Two years after the events of Captain America: Civil War, the superhero team known as the Avengers have become almost a distant dream. But their skills are needed once more as Thanos (Josh Brolin), a brutal despot, wishes to rid the universe of half its population.

To do so he attempts to collect the Infinity Stones, a collection of six powerful gems that allow the holder mastery over the minds and souls of living creatures, as well as the metaphysical aspects of Time, Space, Reality and Power.

Standing alongside him are his four children, Cull Obsidan (Terry Notary), Proxima Midnight (Carrie Coon), Corvas Glaive (Michael James Shaw) and Ebony Maw (Tom Vaughan-Lawlor). Collectively his children are known as the Black Order, and along with their father, they launch a multi-pronged attack against the various owners of the Infinity Stones.

See that synopsis above? That represents the single greatest move by the Infinity War team: making Thanos the protagonist. It must have been so temping to take the easy path and instead make someone like Iron-Man (Robert Downey Jr.) or Captain America (Chris Evans) the star (and to be fair, the pair do function as strong supporting leads.)

But this is very much Thanos’ story through and through. Credit must be given to veteran MCU writers, Christopher Markus and Stephen McFeely, for their stroke of genius. Because of their choice we get to see Thanos struggle for a cause he believes in, witness the setbacks, the sacrifices and the pain of his journey. Indeed, like all the greatest villains, he believes he’s the hero and what he does, he does for the greater good.

Much of that is down to Brolin’s performance as The Mad Titan. It takes a special kind of acting to make us emphasise with a genocidal manic, but goddamn, he pulls it off. It’s all the more impressive as his performance is entirely through motion-capture.


Due to this decision to essentially tell the story from the villain’s point of view, there’s a drastically different tone that permeates throughout, at least when compared to the average Marvel movie. The most obvious being that Infinity War is easily the darkest of all Marvel’s output. I never thought I’d see the day where a film aimed at children would focus on multiple acts of genocide, but here we are.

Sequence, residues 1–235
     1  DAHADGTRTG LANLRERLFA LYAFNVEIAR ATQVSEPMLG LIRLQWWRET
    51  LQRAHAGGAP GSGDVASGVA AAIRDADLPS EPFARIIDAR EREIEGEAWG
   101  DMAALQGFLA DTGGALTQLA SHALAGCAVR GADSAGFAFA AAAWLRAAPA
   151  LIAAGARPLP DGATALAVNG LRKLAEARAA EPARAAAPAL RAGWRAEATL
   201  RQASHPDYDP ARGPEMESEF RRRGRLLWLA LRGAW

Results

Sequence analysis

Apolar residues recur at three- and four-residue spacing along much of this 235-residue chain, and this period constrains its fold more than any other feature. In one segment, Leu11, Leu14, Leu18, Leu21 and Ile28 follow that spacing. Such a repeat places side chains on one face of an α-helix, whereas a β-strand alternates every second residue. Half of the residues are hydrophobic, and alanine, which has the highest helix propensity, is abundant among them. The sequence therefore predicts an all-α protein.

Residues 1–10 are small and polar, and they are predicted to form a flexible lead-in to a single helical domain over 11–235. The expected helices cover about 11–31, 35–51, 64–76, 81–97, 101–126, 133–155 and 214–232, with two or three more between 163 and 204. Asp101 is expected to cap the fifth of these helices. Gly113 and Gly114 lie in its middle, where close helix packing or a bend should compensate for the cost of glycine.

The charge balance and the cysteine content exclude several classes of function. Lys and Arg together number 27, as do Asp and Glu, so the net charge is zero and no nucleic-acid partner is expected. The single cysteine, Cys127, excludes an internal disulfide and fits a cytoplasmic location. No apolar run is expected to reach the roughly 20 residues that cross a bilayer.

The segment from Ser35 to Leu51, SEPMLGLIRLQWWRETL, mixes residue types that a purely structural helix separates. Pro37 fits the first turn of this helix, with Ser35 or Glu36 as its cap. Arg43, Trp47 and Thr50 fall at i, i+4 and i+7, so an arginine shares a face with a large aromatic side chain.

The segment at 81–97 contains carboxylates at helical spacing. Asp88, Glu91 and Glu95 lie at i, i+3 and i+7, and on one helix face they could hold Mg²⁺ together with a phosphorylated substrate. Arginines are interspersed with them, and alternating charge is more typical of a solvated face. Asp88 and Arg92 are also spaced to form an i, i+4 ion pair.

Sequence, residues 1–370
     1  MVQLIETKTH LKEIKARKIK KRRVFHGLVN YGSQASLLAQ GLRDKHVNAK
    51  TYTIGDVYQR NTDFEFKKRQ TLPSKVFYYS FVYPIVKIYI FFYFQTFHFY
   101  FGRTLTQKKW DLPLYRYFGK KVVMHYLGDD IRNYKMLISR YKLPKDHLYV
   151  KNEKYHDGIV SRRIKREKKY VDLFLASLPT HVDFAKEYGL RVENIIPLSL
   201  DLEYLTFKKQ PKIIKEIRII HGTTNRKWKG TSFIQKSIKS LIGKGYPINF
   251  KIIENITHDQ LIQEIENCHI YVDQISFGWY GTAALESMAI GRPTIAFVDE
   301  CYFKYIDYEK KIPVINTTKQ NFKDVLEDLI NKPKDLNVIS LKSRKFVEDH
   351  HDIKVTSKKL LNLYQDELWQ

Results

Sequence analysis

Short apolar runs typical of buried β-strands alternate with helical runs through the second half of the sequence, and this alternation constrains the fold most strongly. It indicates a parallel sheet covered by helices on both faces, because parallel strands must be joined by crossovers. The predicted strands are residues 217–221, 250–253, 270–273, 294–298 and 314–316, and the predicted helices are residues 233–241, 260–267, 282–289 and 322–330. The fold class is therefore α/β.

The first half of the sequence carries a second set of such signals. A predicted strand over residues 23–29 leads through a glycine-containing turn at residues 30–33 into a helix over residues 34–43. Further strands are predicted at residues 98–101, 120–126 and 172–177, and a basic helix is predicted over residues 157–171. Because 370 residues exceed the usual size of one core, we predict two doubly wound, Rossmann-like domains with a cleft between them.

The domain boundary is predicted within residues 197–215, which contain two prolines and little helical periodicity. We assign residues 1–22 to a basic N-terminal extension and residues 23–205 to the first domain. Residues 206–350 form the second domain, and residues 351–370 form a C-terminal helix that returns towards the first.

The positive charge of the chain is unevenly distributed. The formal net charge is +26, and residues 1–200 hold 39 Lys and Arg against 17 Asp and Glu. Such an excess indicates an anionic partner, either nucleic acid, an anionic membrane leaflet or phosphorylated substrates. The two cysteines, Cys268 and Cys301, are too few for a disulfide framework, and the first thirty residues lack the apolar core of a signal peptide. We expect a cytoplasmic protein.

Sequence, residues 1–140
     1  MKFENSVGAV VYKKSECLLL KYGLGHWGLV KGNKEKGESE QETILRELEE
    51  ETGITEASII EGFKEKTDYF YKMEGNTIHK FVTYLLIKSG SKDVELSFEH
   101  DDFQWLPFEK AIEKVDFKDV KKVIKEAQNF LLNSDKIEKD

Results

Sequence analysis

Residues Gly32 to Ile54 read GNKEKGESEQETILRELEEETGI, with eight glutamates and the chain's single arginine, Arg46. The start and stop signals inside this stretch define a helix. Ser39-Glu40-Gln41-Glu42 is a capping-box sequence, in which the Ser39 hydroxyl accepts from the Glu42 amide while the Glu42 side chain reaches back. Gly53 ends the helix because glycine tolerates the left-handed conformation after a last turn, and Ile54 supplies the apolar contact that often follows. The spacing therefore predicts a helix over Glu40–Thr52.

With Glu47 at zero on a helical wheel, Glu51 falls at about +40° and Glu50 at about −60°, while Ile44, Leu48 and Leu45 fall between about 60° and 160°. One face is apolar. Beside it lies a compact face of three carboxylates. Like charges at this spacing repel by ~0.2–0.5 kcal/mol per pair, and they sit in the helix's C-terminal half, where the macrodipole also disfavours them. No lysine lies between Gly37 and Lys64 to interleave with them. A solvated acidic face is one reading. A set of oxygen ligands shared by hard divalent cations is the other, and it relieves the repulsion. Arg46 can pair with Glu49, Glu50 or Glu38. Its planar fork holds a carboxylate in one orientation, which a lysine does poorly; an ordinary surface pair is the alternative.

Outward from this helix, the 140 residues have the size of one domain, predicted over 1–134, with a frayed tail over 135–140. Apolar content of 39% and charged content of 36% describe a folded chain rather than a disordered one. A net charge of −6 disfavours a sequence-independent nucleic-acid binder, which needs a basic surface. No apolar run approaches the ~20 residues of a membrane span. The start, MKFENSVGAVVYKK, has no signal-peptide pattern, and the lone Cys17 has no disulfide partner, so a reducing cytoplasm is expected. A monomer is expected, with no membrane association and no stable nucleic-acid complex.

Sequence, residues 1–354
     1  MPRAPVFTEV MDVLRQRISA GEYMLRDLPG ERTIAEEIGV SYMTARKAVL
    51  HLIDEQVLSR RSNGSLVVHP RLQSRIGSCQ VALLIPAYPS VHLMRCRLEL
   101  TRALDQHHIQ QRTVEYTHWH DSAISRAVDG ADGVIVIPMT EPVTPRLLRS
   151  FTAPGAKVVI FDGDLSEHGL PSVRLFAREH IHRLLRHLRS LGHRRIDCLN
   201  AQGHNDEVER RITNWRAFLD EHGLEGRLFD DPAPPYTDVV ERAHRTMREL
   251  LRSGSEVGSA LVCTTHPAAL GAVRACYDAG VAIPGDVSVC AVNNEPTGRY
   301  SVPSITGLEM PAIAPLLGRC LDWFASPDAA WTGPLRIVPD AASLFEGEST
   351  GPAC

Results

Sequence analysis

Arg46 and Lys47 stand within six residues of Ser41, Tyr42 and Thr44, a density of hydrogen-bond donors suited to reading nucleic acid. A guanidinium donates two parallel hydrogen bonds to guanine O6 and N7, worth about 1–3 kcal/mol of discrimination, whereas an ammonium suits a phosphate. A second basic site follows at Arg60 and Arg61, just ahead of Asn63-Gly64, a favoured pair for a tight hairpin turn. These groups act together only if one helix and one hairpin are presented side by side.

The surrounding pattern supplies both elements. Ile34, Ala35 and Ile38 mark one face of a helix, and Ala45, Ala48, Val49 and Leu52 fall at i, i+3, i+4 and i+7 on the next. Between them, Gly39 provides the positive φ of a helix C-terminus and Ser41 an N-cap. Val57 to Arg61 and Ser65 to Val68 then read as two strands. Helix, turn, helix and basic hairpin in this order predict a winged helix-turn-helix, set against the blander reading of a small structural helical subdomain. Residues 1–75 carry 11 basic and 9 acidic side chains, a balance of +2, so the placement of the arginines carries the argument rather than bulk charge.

As such, this willingness to embrace the darkness helps dispel one of the biggest criticisms of the MCU: the lack of true death. Well criticise no longer mere mortals because, Christ almighty, death has come and it is here to stay. (Eat your heart out Deathly Hallows!) To say more would obviously be a spoiler. Let’s just say that the chances of certain beloved characters seeing Phase 4 is next to zero.

But do not fear, Marvel haven’t just made Schindler’s List. There are still jokes aplenty. Indeed one of the most joyful aspects of the movie is watching characters that have never met before interact with each other. As such seeing Iron-Man verbally spar with Doctor Strange (Benedict Cumberbatch); Black Widow (Scarlett Johansson) fighting back to back with Okoye (Danai Gurira); or even Thor (Chris Hemsworth) sharing a moment with Groot (Vin Diseal) and Rocket Raccoon (Bradley Cooper) make up some of the most thrilling moments of the movie.


Speaking of Thor, while the film has to juggle numerous storylines, it dedicates a surprisingly large amount of time to the God of Thunder. Considering we just had a two hour movie all about him less than six months ago, it’s a strange choice, but a welcome one. In a universe that is slowly approaching its endgame, Marvel takes a moment to make us realise just how much Thor has lost over the past few years compared to his Avengers brethren. The deaths of his mother, father and sister; the murder of his best friends; the loss of his lover, his kingdom and his home. It all whirls together in a scene that Hemsworth pulls off with aplomb.

References to Thor’s past are just some of the numerous callbacks and allusions to events of old. If you’re hoping for an easy introduction to the Marvel Universe, this is not the film for you. From the opening scene, directors Anthony and Joe Russo hit the ground running and woe be you if you can’t remember a variety of details and individuals from across the past 18 movies. As a matter of fact the biggest criticism is, unlike Civil War, the cast list is so overwhelming that even a few fan favourites feel somewhat extraneous and end up having nowhere near the same impact as previous films.


Still, as mentioned in the introduction, my biggest concern is that of the ending. And I must say… I am impressed!